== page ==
Laboratory of Biochemical Genetics of Animals
Head S.M.Zakian, Dr.Biol.Sci., Prof.
Structure of the Xist gene in common voles.
Progression of Xist RNA localization through the cell cycle in the vole M. transcaspicus. DNA/RNA FISH analysis of vole cells showing Xist RNA detected with FITC (green) and heterochromatin block repeat DNA detected with TR (red) illustrated on cells at (a) interphase, (b) prophase, (c) metaphase, (d) anaphase, (e) telophase and (f) daughter cells in the early G1.. DNA counterstained with DAPI
Localization of Xist RNA on the rodent metaphase
Assignment of the Xist, Pgk, G6pd, Gla and Hprt genes in M. arvalis (i), M. kirgisorum (ii), M. transcaspicus (iii), M. rossiaemeridionalis (iv) and M. agrestis (v) to specific regions on the X chromosomes by FISH. Top: representative X chromosomes with dual signals from a pair of gene probes. Bottom: computer-generated, G-like banding of the same chromosomes based on DAPI staining.
The primary objective of the laboratory is to conduct research on the molecular mechanism of X chromosome inactivation in female mammals using the model of interspecific hybrids between common voles of the Microtus genus.
The model is unique because the heterochromatin blocks are specifically located on the X chromosomes and also because their inactivation deviates from random in certain cross combinations. The model has advantages over other models allowing to elucidate the possible X-inactivation mechanism.
To clarify the causes of the observed phenomenon, a combination of research is applied. It includes localization of the molecular structure of the Xist (X Inactive Specific Transcript) gene in the studied voles and analysis of its expression during development. Research is being carried out on the regional mapping of a number of X-linked genes, the organization and evolution of the common vole genome with the ultimate goal of providing a basis for molecular studies. Search for the X-specific repetitive sequences and proteins involved in the compaction of the X chromosome would also contribute to a better understanding of the mechanisms of the observed phenomenon.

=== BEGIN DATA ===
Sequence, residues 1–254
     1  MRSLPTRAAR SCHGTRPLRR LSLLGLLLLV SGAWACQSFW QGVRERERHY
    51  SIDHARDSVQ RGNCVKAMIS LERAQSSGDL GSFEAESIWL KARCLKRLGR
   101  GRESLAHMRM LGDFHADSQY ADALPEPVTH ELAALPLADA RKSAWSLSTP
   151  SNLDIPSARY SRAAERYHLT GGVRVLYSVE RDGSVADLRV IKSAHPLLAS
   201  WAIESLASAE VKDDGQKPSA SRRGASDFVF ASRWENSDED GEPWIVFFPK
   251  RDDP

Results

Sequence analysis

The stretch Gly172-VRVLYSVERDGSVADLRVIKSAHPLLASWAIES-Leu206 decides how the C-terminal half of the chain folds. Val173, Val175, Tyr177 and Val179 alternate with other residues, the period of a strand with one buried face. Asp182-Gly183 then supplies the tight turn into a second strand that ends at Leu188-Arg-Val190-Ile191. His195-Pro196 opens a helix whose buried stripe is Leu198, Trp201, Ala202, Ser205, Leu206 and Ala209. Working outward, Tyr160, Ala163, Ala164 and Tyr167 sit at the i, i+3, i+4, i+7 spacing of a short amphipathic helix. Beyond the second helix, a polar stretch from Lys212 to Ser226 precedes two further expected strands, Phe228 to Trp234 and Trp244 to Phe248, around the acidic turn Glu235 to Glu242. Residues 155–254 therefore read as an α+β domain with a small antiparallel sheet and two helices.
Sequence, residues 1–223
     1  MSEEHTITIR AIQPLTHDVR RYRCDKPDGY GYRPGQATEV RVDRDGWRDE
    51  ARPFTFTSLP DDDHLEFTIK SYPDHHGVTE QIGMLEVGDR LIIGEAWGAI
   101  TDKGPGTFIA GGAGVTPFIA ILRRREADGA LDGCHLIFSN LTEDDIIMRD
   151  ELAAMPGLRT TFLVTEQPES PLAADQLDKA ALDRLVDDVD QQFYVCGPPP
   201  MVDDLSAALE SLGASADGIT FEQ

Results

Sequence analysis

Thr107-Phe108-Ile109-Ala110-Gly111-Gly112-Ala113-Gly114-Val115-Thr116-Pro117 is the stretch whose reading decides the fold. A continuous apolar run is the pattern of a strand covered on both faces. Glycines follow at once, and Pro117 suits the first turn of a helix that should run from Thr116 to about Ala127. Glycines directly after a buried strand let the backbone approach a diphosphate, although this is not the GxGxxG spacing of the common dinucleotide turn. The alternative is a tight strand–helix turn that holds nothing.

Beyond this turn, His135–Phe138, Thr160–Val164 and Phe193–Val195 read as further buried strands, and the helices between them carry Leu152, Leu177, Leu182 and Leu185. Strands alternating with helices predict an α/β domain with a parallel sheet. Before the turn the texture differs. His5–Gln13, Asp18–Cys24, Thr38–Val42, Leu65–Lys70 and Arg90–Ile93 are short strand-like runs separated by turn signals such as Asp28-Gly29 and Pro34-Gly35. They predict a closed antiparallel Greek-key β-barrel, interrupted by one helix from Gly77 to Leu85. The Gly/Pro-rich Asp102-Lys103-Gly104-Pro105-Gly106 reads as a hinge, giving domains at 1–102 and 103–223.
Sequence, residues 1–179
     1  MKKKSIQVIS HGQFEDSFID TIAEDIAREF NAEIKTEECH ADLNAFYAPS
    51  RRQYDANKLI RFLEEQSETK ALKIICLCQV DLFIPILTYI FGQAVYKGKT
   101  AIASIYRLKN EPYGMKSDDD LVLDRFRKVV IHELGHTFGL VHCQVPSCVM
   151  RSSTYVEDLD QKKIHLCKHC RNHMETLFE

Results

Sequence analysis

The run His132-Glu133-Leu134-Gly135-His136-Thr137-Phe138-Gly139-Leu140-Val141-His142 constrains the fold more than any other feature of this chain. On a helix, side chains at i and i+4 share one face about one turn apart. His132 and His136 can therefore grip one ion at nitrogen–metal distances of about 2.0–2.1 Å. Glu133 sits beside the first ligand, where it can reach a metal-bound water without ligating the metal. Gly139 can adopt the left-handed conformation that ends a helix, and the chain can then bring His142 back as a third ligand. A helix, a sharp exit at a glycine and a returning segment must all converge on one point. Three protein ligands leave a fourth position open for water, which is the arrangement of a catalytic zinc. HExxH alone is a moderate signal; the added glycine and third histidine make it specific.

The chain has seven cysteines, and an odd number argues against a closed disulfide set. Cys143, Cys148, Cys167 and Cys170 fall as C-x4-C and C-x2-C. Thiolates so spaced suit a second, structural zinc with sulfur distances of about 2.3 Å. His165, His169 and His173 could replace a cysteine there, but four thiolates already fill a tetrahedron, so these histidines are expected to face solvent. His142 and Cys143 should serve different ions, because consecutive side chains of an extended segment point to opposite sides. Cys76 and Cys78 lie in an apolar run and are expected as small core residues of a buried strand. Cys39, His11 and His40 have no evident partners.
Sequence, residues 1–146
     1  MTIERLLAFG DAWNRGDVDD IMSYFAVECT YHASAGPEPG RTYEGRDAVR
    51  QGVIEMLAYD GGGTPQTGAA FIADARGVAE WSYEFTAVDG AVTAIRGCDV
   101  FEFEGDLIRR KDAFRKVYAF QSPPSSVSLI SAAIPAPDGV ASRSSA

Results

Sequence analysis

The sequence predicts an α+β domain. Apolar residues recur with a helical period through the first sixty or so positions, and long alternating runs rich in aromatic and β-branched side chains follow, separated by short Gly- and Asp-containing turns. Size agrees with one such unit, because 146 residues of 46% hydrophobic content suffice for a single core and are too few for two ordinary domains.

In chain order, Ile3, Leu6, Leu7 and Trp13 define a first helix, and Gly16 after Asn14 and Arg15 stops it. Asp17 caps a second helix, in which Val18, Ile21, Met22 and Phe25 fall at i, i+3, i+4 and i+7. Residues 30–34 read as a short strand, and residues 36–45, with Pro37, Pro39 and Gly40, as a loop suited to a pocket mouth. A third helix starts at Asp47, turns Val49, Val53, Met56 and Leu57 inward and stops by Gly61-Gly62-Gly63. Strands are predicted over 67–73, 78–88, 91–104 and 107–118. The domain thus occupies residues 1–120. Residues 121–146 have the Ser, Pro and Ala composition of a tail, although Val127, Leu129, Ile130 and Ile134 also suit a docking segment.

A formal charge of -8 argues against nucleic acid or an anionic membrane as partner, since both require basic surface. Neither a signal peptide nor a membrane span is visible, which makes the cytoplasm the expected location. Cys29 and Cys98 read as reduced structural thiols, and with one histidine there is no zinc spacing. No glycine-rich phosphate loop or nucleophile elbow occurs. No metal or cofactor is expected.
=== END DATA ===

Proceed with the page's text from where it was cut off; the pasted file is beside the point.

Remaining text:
The Xist gene sequences and their adjacent 5' regions were completely sequenced in all the four common vole species. Thus, important information about the functionally significant elements in Xist RNA and the Xist promoter was obtained.
A close association between Xist RNA and the X chromosome material was established throughout the interphase-metaphase.
It was shown for the first time that Xist RNA does not bind homogeneously to the X chromosome material, being located in specific light G-segments, and also that there is no association of Xist RNA with the X-linked heterochromatin.
Chromosomal localization of 5 unique X-linked Xist, Gala, G6pd, Hprt, and Pgk was performed using fluorescent hybridization in situ.
Thorough studies on the structure of the Xist gene, as well as mapping of this and the other X-linked genes, provided a breakthrough in clarification of the molecular structure of Xist in voles. The results now underlie further studies of the mechanisms of X-inactivation in hybrid voles.
It is suggested that the genetic differences producing non-random inactivation of the parental Xs in voles most probably result from elements that are responsible for the chromosome to be inactivated. This chromosome may be chosen at the level of stabilization of one of the Xist transcripts. It is expected that search for differences in the structure of the promoter regions and alternative spliced Xist transcripts in vole species would allow to identify the functionally important regions involved in switching over the transcript from the unstable to the stable state. These studies would advance us in understanding the role of the Xist gene in the regulation of X-inactivation events in mammals.
Research efforts are being applied to obtain different cell systems for studying nonrandom X-inactivation in vitro. It is intended to produce embryonic stem cell lines in voles and their hybrids in certain cross combinations, as well as hybrid cells by fusion of mouse ES cells with vole somatic cells and microcells.